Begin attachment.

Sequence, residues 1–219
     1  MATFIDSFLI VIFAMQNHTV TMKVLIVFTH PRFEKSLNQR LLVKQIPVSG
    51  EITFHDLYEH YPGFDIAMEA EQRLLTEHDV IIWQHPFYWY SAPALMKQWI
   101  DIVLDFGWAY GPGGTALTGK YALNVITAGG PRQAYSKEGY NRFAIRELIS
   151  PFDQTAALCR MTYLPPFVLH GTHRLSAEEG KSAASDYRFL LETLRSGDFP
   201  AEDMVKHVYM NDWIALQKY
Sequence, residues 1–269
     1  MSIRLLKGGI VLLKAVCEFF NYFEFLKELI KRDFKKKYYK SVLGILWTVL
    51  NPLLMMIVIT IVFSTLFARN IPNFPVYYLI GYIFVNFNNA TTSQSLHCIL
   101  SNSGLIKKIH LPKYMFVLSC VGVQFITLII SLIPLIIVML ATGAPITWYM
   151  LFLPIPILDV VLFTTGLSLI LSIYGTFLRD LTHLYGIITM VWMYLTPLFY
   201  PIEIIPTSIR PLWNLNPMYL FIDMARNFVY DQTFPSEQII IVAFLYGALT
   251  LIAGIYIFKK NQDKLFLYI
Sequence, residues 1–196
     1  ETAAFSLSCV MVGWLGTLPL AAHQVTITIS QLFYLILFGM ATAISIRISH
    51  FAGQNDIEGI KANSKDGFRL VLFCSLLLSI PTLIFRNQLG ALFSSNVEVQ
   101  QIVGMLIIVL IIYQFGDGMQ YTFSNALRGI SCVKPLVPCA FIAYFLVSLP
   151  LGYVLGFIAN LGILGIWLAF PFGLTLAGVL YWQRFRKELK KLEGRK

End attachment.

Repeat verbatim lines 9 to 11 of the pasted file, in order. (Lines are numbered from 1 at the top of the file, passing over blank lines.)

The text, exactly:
    51  NPLLMMIVIT IVFSTLFARN IPNFPVYYLI GYIFVNFNNA TTSQSLHCIL
   101  SNSGLIKKIH LPKYMFVLSC VGVQFITLII SLIPLIIVML ATGAPITWYM
   151  LFLPIPILDV VLFTTGLSLI LSIYGTFLRD LTHLYGIITM VWMYLTPLFY